Cracked Actor

The debauched revelries of life on the road meet the excesses of a past-it Hollywood icon, as Cracked Actor lunges forward on Mick Ronson’s crunching guitars – the audio approximation of a star-making system that chews up innocent hopefuls with little remorse. In rock’s lineage of anti-love songs, this one comes from a particularly cynical place, Bowie seeing through the fame machine even as he crash-lands right into its jaws. After the #MeToo allegations exposed a litany of abuses in the entertainment industry, the line “You’ve made a bad connection ’cause I just want your sex” took on an even more chilling resonance.

Time

Bowie’s pre-war paranoia gets its finest flourish on Time, whose cabaret stomp conjures Weimar-era Germany while Bowie channels the dispassionate taunting of Cabaret’s Emcee (“You are not a victim/You… just scream with boredom”). As with the temporal conflations of Drive-In Saturday, Time exists somewhere on its own continuum, thanks to Mike Garson’s stride piano, his rolling notes answered by the alarming squall of Mick Ronson’s guitar. Fame, decay and the tarnishing of dreams, it’s all here – futility and inevitability wrapped up in one simple lyric: “Time falls wanking to the floor”.

The Prettiest Star

An earlier recorded version of The Prettiest Star, featuring Marc Bolan on guitar, was issued as a standalone single in 1970, as the follow-up to Space Oddity. Revisiting the song during the Aladdin Sane sessions, Bowie reskinned it as one of his most glittery glam confections, drenching the tune in doo-wop harmonies and letting Mick Ronson fly with a soaring guitar solo that helps what’s arguably the album’s one moment of hope remain afloat amid the less forgiving songs that surround it.

Let’s Spend The Night Together

They’d threatened this many times (Watch That Man, Panic In Detroit, Cracked Actor), and here it finally is. Out-Stonesing the Stones on a cover of their 1967 single Let’s Spend The Night Together, The Spiders batter the song in an amphetamine-fuelled frenzy, throwing everything they have at it, including space-age sound effects and rollicking Mike Garson piano. The breakdown around the two-and-a-half-minute mark comes as a welcome respite, only for Bowie to throw in a lascivious “Do it”, followed by a “Hoo!” released with such abandon the group can’t help but launch back in for a final few bars.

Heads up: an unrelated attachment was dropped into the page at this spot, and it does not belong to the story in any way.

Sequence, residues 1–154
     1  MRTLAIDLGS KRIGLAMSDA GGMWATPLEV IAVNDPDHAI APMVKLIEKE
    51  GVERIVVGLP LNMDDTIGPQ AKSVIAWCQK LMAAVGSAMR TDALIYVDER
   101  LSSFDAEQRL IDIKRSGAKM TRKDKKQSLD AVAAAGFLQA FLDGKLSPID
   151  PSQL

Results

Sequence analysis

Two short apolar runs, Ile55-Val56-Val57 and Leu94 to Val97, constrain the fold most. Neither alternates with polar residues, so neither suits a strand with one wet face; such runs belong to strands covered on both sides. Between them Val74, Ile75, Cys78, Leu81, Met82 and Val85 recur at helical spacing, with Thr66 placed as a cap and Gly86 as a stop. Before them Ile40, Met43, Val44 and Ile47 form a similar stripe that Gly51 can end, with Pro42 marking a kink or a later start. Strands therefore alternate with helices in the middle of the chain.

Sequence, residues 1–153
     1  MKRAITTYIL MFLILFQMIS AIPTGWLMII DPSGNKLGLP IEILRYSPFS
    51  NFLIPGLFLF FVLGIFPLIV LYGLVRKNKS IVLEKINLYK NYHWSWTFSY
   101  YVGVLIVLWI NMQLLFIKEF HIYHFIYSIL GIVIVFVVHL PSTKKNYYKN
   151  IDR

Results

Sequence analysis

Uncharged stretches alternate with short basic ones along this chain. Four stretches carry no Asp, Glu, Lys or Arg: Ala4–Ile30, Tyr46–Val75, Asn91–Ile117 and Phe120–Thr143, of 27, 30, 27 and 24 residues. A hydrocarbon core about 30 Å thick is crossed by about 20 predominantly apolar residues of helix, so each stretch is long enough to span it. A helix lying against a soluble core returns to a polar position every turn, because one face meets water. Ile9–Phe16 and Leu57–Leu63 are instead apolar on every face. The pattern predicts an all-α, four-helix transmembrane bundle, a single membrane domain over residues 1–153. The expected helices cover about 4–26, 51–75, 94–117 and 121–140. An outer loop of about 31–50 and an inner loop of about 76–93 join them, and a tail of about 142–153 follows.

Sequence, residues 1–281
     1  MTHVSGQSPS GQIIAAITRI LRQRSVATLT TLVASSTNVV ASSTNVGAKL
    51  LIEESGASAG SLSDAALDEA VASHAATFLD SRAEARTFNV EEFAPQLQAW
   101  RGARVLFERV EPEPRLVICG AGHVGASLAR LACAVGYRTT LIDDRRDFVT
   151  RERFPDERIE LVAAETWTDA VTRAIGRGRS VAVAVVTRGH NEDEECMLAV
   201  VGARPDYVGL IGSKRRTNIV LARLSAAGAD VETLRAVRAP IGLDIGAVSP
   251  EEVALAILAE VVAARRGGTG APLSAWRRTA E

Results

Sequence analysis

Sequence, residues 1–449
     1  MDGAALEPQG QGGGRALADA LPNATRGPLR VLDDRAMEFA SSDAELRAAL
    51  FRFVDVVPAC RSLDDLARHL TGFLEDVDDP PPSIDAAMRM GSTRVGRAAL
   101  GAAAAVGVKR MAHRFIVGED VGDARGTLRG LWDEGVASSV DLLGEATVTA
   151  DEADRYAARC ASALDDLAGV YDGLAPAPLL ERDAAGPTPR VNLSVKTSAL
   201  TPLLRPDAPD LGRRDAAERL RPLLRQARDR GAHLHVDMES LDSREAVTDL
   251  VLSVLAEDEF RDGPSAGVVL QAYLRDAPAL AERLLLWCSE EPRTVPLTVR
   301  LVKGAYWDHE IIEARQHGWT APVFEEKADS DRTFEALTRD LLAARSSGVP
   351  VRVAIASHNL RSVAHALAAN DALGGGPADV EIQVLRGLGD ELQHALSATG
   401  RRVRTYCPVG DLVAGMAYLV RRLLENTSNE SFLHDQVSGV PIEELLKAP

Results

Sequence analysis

The Jean Genie

The first song recorded for Aladdin Sane, The Jean Genie was issued as a single in late November 1972, an excited Bowie getting his latest new music out there a full five months ahead of its parent album. Hitting No.1 in the UK, Bowie’s self-described “smorgasbord of imagined Americana” hitches almost stream-of-consciousness lyrics to a Bo Diddley-style guitar riff, making coded nods to underground icons such as The Stooges’ Iggy Pop and Warhol actress Cyrinda Foxe (that’s her loving the camera – or is it the other way around? – alongside Bowie in the promo video) while also framing his Ziggy character as “a kind of Hollywood street rat”. Sexual innuendo (“lives on his back”) and a pun on the name of French writer Jean Genet keep the lyrical guessing games going, the Genie paving the way for Bowie’s Aladdin with minimal fuss. “It can’t get any simpler than this,” Aladdin Sane producer Ken Scott asserted in the booklet to the Five Years (1969-1973) box set. “Just let the guys go!”

Lady Grinning Soul

Closing an album on which emotion largely gives way to observation of a world hurtling towards ruin, Lady Grinning Soul may not offer much in the way of succour, but it finds Bowie allowing himself a moment of heartfelt vulnerability in a way he arguably wouldn’t do again until Young Americans (Win) or even Station To Station (Wild Is The Wind), edging as he does so towards the expansive voice he would come to use on his most widescreen ballads. Mike Garson’s virtuoso piano steals the show, with Mick Ronson’s Spanish guitar solo coming in a close second, as Bowie lingers on a romance that cannot hold: “And when the clothes are strewn/Don’t be afraid of the room/… She will be your living end.” An otherworldly end to Aladdin Sane’s doomy escapades, Lady Grinning Soul deserves more recognition among the best David Bowie songs – something its creator knew from the off. “For whatever reason, it must’ve really meant something special to David because it was the first time he ever came in for a mix and had a very strong feeling about how he wanted it,” Ken Scott wrote in his memoir, Abbey Road To Ziggy Stardust: Off The Record With The Beatles, Bowie, Elton & So Much More, adding, “I have no idea who he wrote it for, but it was obviously very important to him.”

Thirty-five years on from Aladdin Sane’s release, Bowie offered a little glimpse at the inspiration for Lady Grinning Soul. Reflecting on some of his own personal highlights for Mail Online, he wrote, “This was written for a wonderful young girl whom I’ve not seen for more than 30 years. When I hear this song she’s still in her 20s, of course.” Acknowledging the haunting impression the song leaves, he added, “A song will put you tantalisingly close to the past, so close that you can almost reach out and touch it. The sound of ghosts again.”

Buy David Bowie vinyl box sets and more, at the Dig! store.

Original article: 13 April 2021

Updated: 19 April 2023. Extra words: Jason Draper